Reviews provided by Syndetics
Publishers Weekly Review
Like her Ten Little Fingers and Ten Little Toes, Fox's newest has all the marks of a lap-sit classic. In mellifluous motherese, the narrator poses a series of playful questions to a baby: "Are you a monkey with clever toes?/ Perhaps you're a porcupine, twitching its nose." After 11 more such guesses (featuring such animal faves as the gecko, the hippo and the warthog), the narrator finally gets it right: "Wait, let me guess-Are you my treasure? The answer is... Yes!" While Fox is cooing as only she can, Jenkins (What Do You Do with a Tail Like This?) works his usual magic with cut paper. In many of his large-scale closeups-the images spill across and off the spreads-his subjects' big, expressive eyes seem locked in a gaze with the reader. Ingeniously stylized shapes (like the coils of gray paper that form an elephant's trunk) combine with sumptuous detailing that brings alive the parade of scales, fur and feathers. Ages 3-5. (May) (c) Copyright PWxyz, LLC. All rights reserved
School Library Journal Review
PreS-Fox's rhyming text is pure fun. In a layout reminiscent of Bill Martin, Jr.'s Brown Bear, Brown Bear, What Do You See? (Holt, 1983), an unseen narrator says, "Hello, baby!/Who are you?" and the speculated answers range from the familiar elephant to an exotic gecko. "Are you a zebra/sipping a drink?/Perhaps you're an owl/with a wicked wink." A spread near the end of the book provides an opportunity to name the baby animals by looking at their silhouettes. Jenkins's beautifully shaded and textured collages are stand-alone works of art, each of which holds its own with Fox's engaging cadences. This collaboration results in a lovely read-aloud for preschool storytimes or a perfect selection for one-on-one sharing.-Lisa Glasscock, Columbine Public Library, Littleton, CO Copyright 2009 Reed Business Information.
As in her best-selling title Ten Little Fingers and Ten Little Toes (2008), a Booklist Editors' Choice selection, Fox creates an affectionate, singsong picture book directed straight at small children. Here, her rhyming couplets take the form of queries inviting kids to compare themselves to a zoo full of animals: Are you a monkey with clever toes? Perhaps you're a porcupine, twitching its nose. A few forced lines distract from the majority of the polished, smooth text: Are you a leopard, dozing at dusk? Perhaps you're an elephant, wielding a tusk. As a whole, though, the book has an almost hypnotic rhythm, which, depending on readers' inflections, could either lull sleepy toddlers into dreamland or entice them to action. Working in his signature medium of cut-paper collage, Jenkins coaxes clear expressions out of his animal subjects, even as his precision helps viewers zero in on the animals' features noted in the text. In the end, a clever visual matching game leads into a loving affirmation for every child.--Engberg, Gillian Copyright 2009 Booklist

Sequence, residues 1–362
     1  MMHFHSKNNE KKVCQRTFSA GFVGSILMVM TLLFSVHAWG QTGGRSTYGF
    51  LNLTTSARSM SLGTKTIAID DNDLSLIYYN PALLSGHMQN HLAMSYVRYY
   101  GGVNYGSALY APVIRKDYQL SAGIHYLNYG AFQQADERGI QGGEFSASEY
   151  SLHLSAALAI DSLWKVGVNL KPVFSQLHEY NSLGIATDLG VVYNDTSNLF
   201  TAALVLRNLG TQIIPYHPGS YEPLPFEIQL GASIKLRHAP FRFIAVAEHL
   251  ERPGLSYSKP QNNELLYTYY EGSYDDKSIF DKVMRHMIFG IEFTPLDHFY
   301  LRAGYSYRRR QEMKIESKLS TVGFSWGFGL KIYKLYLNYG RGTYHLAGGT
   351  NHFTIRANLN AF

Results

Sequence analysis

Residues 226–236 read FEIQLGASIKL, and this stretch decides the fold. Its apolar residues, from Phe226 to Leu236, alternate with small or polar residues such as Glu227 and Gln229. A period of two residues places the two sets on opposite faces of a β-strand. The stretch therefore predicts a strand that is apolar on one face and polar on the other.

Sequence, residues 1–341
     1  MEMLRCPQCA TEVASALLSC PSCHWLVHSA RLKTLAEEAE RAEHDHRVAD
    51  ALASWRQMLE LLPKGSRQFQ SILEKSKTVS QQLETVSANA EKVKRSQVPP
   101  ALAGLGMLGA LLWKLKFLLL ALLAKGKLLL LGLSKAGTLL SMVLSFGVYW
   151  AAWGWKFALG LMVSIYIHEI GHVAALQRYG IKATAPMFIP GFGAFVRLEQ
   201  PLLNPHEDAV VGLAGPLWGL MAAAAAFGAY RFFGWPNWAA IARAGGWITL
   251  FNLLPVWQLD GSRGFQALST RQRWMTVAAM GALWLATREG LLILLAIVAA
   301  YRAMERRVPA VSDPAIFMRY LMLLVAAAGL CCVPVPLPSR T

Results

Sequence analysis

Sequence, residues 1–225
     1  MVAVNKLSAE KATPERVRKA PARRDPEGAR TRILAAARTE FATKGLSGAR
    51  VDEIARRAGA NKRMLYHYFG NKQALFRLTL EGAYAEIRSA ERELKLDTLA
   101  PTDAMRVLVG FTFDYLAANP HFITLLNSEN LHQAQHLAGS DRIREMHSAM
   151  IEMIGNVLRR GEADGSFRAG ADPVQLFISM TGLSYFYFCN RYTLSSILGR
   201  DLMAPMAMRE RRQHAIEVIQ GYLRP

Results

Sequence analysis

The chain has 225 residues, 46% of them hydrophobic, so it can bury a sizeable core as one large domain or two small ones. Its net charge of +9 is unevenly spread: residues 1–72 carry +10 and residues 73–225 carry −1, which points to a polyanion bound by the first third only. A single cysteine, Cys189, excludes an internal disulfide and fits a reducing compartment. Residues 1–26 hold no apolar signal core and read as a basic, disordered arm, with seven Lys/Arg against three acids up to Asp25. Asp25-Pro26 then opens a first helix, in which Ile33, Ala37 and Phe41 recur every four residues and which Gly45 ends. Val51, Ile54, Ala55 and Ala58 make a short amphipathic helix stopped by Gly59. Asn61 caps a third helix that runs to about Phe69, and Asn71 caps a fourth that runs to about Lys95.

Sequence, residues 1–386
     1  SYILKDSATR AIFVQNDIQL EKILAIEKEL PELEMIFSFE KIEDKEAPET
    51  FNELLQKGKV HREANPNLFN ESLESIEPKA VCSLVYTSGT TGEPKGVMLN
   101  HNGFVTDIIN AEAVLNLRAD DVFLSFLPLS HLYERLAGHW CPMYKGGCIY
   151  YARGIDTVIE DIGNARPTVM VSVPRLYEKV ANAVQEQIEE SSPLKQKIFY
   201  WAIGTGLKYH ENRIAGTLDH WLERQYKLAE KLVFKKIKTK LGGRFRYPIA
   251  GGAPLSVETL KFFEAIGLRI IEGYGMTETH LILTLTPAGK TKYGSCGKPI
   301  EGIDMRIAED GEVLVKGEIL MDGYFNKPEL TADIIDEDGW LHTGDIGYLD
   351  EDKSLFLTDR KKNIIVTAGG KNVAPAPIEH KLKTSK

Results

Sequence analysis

Horn Book Review
Are you a lion / with dust / on its paws?" Fox's rhyming text invites little ones to act like twelve animals. Each of Jenkins's realistic collages can't be contained in a double-page spread; a small silhouette shows the whole creature. All the silhouettes gather at the end before Fox's parent-trap ending: "Are you my treasure? / The answer is... / Yes! (c) Copyright 2010. The Horn Book, Inc., a wholly owned subsidiary of Media Source, Inc. No redistribution permitted. All rights reserved.
Kirkus Book Review
A warm authorial voice asks baby, "Who are you?" and a parade of potential animals follows. Rhyming questions introduce furry and scaly candidates, creating an irresistible call-and-response, conversational reading experience. Young readers will surely answer each erroneous guess with an emphatic, enthusiastic "Noooo!" Jenkins's vibrant cut- and torn-paper close-ups of exotic animals appear on double-page spreads of ample white space, giving readers room to thoroughly consider both illustrations and text. Vivid swaths of color and texture capture elephant wrinkles, crinkly gecko skin and even warthog whiskers. A small, full-body silhouette of each animal appears as well, providing a glimpse of the creature in motion. Fox's original language offers equally strong depictions of wildlife. She all but animates the stellar illustrations: A monkey fidgets with "clever" toes, a crocodile sits "silent and scary" and an owl gives readers a "wicked wink." Anticipation builds as baby waits for the right answer, which comes as a sweet finish on the final page. This picture book brims with fascinating animals,brilliant words and engaging artwork; it begs for cozy nightly readings. (Picture book. Newborn-5) Copyright Kirkus Reviews, used with permission.